b) Advertising customers depend on you to point the way. The media-option landscape is moving at lightning speed. Digital provides new targeting options every month that advertisers need to consider, but they can’t keep up with it. The advertising community will trust in those media executives that best demonstrate their understanding of the media options and those that make sound integrated recommendations. Even if you are a veteran in this business with a loyal client base, keeping up to speed with those options and continuing to proactively educate your customers is critical.
c) There are less team members in our clusters these days and more is asked of them than before. Keeping a high level of engagement is critical. You may not be able to create utopia, but as a leader you can take a proactive role in creating a culture that has open communication, innovation, and keeps radio fun.
3. Follow your strategy. Pretty simple… If you take the time to create the plan, follow it. Too often people create complicated plans, only to keep them in their desk drawer.
Lawless: Our digital business is growing faster than we forecasted, every year for the past three years. We are forecasted to finish 2016 over our stretch goal of $6.5M in revenue and far surpassing our impression goals. The strategy is detailed. For content it includes a social media strategic action plan for each of our six brands and sometimes varies by daypart, ongoing App development, consistent branding and communication across all distribution channels, and distribution “everywhere” (Tunein, iHeart, App, Desktop, Apple TV, X-box, etc…). This past year we started a 24/7 video stream of our HOT Talk radio station. For 2016 it comprises 70% of all video starts across any “radio” platform in our company nationwide. This idea won the first CMG Innovation of The Year award, this year.
Lawless: First, the people I get to work with. I’ve been in my cluster for 20 years this year, and a VP/GM/MM for 10 of those years. They are absolutely part of me. I feel as accountable to them as they hopefully do to me. Second, the impact we can have on the community. Last year our cluster helped raise over $3.5M for local charities. I continue to be amazed and abundantly proud of the power of radio. This also includes the results we continue to drive for our advertising partners. “Radio” done right, can be the most powerful weapon in your marketing arsenal. And third, I love music. I still get geeked out when we break a new song or when an artist comes into the station. I love sitting with talented programmers and reviewing research and discussing our programming strategy.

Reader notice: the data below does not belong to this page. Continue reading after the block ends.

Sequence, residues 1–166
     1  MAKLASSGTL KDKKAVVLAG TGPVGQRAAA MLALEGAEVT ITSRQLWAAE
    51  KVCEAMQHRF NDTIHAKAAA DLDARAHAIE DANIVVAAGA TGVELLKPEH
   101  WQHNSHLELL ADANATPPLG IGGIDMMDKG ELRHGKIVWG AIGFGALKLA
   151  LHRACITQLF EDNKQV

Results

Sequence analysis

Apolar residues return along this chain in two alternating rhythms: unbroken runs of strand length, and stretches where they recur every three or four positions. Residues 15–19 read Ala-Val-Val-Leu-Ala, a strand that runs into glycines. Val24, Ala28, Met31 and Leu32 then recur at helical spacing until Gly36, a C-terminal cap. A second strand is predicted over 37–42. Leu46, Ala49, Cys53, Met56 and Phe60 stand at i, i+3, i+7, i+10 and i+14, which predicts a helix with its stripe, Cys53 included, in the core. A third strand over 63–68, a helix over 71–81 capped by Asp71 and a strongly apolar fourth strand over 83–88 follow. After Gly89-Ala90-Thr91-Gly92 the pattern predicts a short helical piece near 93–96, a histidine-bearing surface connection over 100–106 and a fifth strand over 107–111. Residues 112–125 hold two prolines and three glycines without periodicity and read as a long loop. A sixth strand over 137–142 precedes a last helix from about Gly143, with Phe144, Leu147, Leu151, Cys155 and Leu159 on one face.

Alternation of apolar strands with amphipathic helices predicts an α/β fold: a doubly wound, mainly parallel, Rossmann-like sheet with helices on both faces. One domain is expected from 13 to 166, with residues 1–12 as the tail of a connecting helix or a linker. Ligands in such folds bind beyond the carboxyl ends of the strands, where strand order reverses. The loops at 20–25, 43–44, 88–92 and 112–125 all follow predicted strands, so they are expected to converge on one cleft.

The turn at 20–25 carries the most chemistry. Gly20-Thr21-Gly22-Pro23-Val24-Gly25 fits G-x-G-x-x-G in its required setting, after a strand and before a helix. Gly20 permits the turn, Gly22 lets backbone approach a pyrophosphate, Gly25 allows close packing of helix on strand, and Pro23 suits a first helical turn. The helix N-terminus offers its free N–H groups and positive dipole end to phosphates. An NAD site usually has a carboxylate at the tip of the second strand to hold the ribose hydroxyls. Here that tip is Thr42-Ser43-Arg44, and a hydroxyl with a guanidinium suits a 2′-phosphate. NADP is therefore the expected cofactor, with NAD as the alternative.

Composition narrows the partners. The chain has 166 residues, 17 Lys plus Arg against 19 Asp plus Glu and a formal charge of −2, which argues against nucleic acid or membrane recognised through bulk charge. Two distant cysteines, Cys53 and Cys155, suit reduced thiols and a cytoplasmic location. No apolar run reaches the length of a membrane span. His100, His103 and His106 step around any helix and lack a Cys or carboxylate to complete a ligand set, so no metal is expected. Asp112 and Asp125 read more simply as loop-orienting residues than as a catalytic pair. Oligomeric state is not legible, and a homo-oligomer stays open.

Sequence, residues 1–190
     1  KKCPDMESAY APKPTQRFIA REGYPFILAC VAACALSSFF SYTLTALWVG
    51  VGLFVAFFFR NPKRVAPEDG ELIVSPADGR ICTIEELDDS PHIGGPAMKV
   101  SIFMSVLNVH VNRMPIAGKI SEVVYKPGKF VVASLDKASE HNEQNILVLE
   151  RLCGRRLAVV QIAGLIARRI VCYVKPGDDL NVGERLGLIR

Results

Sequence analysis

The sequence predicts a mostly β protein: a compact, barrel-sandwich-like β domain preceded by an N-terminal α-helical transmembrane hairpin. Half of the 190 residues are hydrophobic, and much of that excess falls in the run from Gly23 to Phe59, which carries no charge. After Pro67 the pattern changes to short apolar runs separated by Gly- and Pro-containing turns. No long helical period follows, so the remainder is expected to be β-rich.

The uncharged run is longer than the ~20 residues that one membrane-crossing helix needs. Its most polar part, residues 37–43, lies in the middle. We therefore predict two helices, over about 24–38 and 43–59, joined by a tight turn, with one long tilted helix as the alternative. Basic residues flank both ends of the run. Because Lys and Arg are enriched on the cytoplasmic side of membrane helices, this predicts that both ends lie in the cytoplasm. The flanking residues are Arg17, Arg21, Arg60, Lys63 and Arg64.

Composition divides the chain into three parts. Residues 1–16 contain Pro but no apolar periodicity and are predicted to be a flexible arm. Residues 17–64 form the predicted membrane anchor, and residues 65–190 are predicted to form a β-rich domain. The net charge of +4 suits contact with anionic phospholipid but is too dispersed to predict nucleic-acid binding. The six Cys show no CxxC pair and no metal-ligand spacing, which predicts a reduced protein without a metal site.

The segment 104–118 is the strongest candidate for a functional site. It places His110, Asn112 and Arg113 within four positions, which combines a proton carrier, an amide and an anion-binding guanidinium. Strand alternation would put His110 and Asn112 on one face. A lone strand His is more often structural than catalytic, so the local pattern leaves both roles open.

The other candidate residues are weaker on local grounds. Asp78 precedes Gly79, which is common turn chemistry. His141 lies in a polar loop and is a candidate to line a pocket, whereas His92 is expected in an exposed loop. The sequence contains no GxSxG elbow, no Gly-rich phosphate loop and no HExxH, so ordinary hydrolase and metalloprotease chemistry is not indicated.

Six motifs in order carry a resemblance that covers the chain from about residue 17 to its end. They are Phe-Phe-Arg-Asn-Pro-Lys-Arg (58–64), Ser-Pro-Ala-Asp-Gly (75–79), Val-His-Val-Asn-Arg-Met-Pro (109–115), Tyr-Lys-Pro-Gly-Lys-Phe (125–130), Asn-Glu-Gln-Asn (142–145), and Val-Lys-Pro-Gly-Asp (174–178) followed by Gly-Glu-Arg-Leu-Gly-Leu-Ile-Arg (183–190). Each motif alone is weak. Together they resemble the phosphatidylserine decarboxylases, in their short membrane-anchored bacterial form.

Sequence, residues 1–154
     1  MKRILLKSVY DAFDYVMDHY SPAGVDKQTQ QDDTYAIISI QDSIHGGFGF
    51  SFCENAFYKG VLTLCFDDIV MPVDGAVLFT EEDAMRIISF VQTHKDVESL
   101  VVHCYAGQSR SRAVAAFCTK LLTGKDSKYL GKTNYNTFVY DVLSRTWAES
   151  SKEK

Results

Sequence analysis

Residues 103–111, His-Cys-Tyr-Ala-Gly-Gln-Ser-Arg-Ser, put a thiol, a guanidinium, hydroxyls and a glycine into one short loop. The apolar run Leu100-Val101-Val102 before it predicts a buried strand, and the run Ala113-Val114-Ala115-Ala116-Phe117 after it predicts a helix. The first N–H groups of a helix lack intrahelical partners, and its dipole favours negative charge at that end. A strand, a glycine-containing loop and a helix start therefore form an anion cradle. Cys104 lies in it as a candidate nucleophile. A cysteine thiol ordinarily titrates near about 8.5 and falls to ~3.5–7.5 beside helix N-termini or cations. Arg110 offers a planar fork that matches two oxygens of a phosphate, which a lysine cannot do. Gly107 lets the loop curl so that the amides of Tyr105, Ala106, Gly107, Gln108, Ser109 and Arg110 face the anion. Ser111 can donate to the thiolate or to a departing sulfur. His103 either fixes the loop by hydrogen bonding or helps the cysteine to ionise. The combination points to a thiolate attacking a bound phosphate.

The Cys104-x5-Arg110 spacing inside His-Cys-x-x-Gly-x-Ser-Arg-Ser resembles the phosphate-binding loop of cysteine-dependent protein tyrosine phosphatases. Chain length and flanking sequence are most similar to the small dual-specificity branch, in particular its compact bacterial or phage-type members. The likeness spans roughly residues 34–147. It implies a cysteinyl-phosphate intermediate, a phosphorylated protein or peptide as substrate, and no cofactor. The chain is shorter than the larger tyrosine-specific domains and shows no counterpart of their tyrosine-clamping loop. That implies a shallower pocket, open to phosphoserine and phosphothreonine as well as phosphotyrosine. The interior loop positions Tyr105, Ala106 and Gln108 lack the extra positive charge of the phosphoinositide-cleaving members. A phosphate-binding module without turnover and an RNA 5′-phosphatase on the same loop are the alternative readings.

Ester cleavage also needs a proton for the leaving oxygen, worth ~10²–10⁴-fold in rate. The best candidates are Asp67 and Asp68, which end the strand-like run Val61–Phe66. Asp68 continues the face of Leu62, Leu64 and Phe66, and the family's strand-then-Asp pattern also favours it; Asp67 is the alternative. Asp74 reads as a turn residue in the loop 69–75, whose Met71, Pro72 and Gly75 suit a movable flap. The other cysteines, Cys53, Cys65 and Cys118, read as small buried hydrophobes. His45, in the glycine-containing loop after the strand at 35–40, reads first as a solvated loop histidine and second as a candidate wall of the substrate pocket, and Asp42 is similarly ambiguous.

Lawless: Driverless cars. We have a lot of competition now. With the changing dashboard, it’s even more competitive than ever. However, radio still has that local and free audio option on the dash that others just can’t compete with. Now, the driverless car will expand those options to include other media. I could watch the Today Show on NBC on my way to work if I don’t have to drive my car myself. That presents a new kind of competition. We must work as hard as we can between now and when this becomes a common everyday form of transportation, to make “radio” as relevant as any other form of media. Losing the captive audience in the automobile could be the biggest disruption that our industry will every see.
Lawless: Having other mangers that stay on top of trends is actually how I most stay on the cutting edge. So yes, other managers should continue to educate themselves. Managers should be on every social media platform option and communicate how our listeners communicate (e.g. – I’m level 9 on Pokemon Go right now). It sounds silly, but something as simple as that is important. I ask all of my managers to stay up to speed on these trends. In addition, I have a Digital Content Manager, Sr. Director of Digital Audio, and and engineering team that continues to feed me new data and drive us in the right technical direction. Our Director of Marketing Services, Digital Sales Manager, and DOS keep me and our sales department up with the current marketing trends. In addition, I am currently enrolled to take my IAB certification test this November. If I’m going to ask my entire sales department to be certified, then I should be as well.